Several EU member states want to include new rules allowing for data retention in a draft privacy bill.
Diplomats from EU countries have been asked to determine whether they want new data retention rules ahead of a meeting to discuss the draft ePrivacy legislation in September.
Estonia, which is leading countries’ discussions on EU laws until the end of this year, asked national delegations after a meeting in July whether they want to add new rules to the draft bill as a way to require telecoms companies to store consumers’ personal data for a set amount of time, according to a draft memo that was leaked by the NGO Statewatch.
Justice ministers from EU countries have already agreed that they “should examine all legislative and non-legislative options to address the data retention issue, including in the context of the proposed e-Privacy Regulation.”
Any change to add data storage requirements to the ePrivacy law will be controversial. The European Court of Justice ruled an EU-wide law requiring data retention illegal in 2014. Last year, the court knocked down a similar Swedish law. But some other EU countries still have national data retention legislation.
“A number of delegations have referred to the draft e-Privacy Regulation as one of the possible options to be considered in view of the issues arising from the ECJ case law on data retention,” reads the document from the Estonian EU Council presidency.
The Commission proposed an updated version of the eight-year-old ePrivacy legislation in January, which regulates privacy rules for telecoms services and applies them for the first time to digital services like WhatsApp and Skype.
The EU executive’s proposal did not include new measures to require data retention. But it said that member states are “free to keep or create national data retention frameworks” if they comply with the EU court’s decisions against large-scale data retention laws.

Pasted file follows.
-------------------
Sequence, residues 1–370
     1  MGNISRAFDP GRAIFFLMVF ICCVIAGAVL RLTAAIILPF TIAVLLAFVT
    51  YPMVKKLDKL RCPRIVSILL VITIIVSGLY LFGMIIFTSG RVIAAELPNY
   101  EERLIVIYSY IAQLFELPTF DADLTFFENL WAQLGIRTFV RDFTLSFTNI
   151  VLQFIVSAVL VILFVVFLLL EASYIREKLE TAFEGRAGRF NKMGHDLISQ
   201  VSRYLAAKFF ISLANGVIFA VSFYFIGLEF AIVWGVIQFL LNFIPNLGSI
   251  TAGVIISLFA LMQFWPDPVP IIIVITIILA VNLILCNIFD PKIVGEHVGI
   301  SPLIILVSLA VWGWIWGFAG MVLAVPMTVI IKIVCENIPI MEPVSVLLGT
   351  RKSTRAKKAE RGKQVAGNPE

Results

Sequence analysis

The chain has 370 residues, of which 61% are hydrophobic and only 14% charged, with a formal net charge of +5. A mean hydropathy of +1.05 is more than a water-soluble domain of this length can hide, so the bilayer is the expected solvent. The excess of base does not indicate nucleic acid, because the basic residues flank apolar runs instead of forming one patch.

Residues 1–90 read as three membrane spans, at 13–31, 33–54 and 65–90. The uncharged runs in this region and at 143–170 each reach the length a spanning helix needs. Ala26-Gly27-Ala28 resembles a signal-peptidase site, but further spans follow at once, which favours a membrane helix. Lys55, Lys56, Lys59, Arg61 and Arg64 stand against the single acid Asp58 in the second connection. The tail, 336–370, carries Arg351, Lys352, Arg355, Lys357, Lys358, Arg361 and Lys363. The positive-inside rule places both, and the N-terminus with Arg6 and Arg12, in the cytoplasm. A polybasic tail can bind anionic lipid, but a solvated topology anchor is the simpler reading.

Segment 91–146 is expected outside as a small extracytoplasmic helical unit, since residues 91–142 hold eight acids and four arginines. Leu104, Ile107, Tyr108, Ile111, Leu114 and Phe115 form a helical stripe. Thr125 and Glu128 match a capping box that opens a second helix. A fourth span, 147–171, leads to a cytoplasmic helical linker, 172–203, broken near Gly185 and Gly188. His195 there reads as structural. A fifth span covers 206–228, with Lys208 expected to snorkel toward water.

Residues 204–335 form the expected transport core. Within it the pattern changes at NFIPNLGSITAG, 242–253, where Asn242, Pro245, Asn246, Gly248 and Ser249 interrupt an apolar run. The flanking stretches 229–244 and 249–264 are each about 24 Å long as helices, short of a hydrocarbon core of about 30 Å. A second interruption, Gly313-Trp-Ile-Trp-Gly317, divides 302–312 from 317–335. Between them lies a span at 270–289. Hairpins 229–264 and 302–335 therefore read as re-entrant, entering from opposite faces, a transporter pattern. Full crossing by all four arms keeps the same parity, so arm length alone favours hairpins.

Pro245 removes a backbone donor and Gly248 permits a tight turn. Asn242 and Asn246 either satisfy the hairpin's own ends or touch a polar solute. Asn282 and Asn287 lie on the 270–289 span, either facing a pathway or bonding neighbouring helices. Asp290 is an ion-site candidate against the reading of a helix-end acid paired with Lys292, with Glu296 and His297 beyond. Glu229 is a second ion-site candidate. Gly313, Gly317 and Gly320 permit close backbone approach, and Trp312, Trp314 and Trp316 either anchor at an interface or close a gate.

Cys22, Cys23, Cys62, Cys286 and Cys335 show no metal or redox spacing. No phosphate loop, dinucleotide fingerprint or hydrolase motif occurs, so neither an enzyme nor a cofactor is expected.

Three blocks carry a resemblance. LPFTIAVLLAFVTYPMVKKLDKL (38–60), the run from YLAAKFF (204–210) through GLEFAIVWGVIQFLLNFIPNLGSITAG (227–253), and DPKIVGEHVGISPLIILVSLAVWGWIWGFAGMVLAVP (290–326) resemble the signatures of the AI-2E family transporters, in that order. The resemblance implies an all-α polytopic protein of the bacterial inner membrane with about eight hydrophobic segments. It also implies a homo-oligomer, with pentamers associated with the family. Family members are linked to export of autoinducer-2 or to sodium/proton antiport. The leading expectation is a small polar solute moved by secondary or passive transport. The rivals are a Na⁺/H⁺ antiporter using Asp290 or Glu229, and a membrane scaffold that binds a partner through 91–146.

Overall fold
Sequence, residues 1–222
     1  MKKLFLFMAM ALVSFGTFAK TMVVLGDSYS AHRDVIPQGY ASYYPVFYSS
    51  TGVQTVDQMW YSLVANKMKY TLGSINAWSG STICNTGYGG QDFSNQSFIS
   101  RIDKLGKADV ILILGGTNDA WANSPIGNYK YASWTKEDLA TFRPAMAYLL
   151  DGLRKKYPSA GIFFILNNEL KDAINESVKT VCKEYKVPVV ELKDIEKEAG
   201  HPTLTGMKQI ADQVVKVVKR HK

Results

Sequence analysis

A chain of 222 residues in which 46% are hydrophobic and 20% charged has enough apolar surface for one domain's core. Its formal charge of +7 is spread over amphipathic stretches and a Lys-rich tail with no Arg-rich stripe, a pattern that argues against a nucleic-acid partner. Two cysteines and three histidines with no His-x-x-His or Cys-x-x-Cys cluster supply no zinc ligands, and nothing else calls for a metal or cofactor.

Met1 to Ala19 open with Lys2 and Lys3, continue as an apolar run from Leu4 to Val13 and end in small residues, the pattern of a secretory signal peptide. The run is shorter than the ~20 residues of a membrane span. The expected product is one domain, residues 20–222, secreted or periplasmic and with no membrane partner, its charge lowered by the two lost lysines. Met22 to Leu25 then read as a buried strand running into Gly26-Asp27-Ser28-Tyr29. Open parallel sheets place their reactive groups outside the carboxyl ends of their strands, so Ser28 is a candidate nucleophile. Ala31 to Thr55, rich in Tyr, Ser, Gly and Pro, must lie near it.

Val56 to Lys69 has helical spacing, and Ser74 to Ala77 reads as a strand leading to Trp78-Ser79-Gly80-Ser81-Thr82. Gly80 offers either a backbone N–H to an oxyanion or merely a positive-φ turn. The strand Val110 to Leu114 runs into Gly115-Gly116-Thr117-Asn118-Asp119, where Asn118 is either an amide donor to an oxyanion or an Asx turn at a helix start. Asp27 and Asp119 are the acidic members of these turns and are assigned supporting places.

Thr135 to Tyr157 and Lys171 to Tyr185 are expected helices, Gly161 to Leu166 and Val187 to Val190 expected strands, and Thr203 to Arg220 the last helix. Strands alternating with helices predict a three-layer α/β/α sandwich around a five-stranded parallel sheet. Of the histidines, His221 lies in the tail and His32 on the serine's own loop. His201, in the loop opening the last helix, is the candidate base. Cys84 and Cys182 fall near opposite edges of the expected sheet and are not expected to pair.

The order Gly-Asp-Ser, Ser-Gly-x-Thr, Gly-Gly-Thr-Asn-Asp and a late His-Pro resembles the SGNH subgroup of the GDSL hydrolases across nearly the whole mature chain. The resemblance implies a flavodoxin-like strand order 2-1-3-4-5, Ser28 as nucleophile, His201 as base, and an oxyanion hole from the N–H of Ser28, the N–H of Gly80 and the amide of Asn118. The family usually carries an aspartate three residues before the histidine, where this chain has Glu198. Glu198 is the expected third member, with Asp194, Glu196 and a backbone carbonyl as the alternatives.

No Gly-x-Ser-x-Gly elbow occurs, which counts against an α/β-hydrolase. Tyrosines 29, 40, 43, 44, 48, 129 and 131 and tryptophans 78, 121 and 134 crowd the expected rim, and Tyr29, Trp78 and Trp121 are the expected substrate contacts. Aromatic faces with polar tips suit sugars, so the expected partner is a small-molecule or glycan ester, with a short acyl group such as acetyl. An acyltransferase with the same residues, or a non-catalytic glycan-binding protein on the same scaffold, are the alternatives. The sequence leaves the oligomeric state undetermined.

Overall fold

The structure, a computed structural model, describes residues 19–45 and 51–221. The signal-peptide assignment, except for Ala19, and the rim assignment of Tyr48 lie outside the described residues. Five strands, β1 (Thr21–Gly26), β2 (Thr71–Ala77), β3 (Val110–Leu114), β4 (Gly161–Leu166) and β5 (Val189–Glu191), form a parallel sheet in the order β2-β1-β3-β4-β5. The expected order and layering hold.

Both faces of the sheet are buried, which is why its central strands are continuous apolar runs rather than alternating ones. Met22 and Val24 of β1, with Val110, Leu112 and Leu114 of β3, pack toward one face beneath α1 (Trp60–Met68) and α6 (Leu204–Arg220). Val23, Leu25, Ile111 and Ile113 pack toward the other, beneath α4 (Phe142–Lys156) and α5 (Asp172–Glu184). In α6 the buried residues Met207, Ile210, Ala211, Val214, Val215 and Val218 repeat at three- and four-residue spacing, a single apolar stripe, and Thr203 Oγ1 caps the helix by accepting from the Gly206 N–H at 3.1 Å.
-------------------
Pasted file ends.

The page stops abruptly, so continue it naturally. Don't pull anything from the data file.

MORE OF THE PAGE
But some countries want new EU legislation that guarantees that they are allowed to store data for a maximum number of years—which they argue could help police to investigate crimes.
The Estonian EU presidency asked national diplomats whether they want to be able to access more data than they can already can under current laws.
“Would these data be sufficient to respond to the operational needs of competent authorities for the purposes of the prevention and prosecution of crime?,” the presidency asked in its memo. Estonia asked diplomats to share their positions on data retention measures by 4 September, ahead of a meeting later in September.
EU countries have previously pushed for looser rules in the ePrivacy legislation that could give telecoms companies more legal ways to process and analyse consumer data, as EURACTIV reported in May.
The European Parliament is also negotiating on the ePrivacy bill. EU member states must agree on a compromise version of the law with MEPs and the Commission before it can go into effect.
But the Parliament’s draft version of the bill tightened privacy measures, compared to the Commission proposal. Estonian centre-left MEP Marju Lauristin, who authored the Parliament’s draft, proposed a legal ban on so-called backdoor technologies that could allow law enforcement authorities to access encrypted communications.